Everyone wants approval for purchases. As marketers, we need to tap into our “clan”, our fans and followers, and other like-minded people. It’s what Apple taps into with every new phone launch. We want to feel like we are part of something special – the “in-crowd”. We want a sense of belonging. Many of us still have high school memories knocking around in our sub-conscious. We have remnant feelings of the pain AND the pleasure we experienced among our peers. We often “act-out” those intense teenage experiences when we shop for anything that will be seen by another person – no matter what age we are today.

(Anyone want to wager a bet on the opening weekend sales for the Apple Watch? 50,000 on the first weekend? 500,000? Personally, I think it will hit a million in the first few hours! I think there will be a lot of “acting-out”!)

There is nothing wrong with wanting approval and wanting the newest “thing” and good marketing practices acknowledge this. As a result, marketing hasn’t changed over the years and the moral of this story is simple: Fine tune your message – broadcast it to right people.

Follow these three basic rules for effective marketing:

  1. Solve a problem – the Pet Rock was an anecdote for a self-absorbed generation. It would likely fall flat if launched in today’s more cynical and less nuanced environment.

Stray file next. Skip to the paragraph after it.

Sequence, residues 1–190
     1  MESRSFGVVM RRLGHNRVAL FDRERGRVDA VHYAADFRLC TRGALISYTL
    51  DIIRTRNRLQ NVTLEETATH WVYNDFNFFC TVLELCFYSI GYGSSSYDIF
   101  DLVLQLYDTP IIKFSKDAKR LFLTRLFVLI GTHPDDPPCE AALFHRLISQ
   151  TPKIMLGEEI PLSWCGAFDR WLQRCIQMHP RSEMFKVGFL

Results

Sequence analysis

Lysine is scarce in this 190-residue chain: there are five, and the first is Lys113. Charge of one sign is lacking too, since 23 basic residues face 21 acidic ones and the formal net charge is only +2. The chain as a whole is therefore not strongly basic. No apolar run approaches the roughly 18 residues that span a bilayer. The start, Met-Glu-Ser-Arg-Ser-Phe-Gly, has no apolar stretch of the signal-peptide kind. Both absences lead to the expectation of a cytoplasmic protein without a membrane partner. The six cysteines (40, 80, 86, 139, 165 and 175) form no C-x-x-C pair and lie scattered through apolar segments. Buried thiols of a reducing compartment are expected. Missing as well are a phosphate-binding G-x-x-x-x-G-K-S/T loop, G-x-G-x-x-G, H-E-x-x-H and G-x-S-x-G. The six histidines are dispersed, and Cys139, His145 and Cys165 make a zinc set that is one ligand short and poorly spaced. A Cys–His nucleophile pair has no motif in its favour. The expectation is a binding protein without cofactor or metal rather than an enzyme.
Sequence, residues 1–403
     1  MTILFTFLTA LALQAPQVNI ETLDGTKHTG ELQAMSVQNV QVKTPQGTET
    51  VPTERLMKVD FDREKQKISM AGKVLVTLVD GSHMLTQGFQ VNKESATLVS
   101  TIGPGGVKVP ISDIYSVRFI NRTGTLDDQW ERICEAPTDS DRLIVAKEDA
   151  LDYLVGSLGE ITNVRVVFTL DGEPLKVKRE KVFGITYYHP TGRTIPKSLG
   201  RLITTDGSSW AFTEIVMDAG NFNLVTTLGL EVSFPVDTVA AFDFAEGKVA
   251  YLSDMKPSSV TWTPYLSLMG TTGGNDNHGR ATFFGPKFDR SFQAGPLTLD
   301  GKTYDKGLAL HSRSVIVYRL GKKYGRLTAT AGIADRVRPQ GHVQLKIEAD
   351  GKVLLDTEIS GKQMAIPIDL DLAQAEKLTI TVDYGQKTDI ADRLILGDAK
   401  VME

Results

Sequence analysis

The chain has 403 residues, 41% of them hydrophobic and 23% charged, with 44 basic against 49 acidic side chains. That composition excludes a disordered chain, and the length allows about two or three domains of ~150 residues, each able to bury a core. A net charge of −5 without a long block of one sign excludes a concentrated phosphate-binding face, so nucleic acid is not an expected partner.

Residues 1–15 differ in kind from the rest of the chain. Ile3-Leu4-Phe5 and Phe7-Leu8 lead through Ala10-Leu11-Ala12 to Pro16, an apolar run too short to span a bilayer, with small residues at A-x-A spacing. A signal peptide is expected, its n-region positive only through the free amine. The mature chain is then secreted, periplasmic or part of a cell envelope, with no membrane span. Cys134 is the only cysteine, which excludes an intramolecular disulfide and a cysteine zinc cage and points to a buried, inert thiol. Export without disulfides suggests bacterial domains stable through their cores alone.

2. Be as real and human and personal as possible. The Pet Rock was an in-your-face “rip-off”, but that was part of the charm. We have a big advantage with emails, social media, and other “friend-like” communications. Be yourself first, be aware and target the emotions you might stir up, and then “package” your product.
  3. Have a complete picture of how to create the deep connections that you want your buyers to feel. If you are selling health and fitness, make sure you sell more than a pill or shoe insert. Sell and promote what it “feels” like to be healthier and more fit. Will you need to do a video? Is your target market going to relate to tweets? What marketing strategies fit your message best? Have testimonials galore from your demographic.

There is no magic wand. There is persistence, self-confidence, and then more persistence. Visibility is key. You will be forgotten if you are not visible on a regular schedule with emails and at least a little social media posting. Don’t be fooled into thinking that all you need is a site on Etsy or Ebay, or spend hours (or lots of money) on Facebook to be successful. You need a plan – a marketing plan that solves a problem for a select group that you can target with select messaging. Your plan could include Etsy, but only if you have a clear path to sales on that site or any site.

Marketing is a verb. Go DO something; something that will bring you closer to a sale. Today!

Need a little help to get on the right path? I am a great brainstorming partner and even better campaign designer.

My reasonable rates can be found here.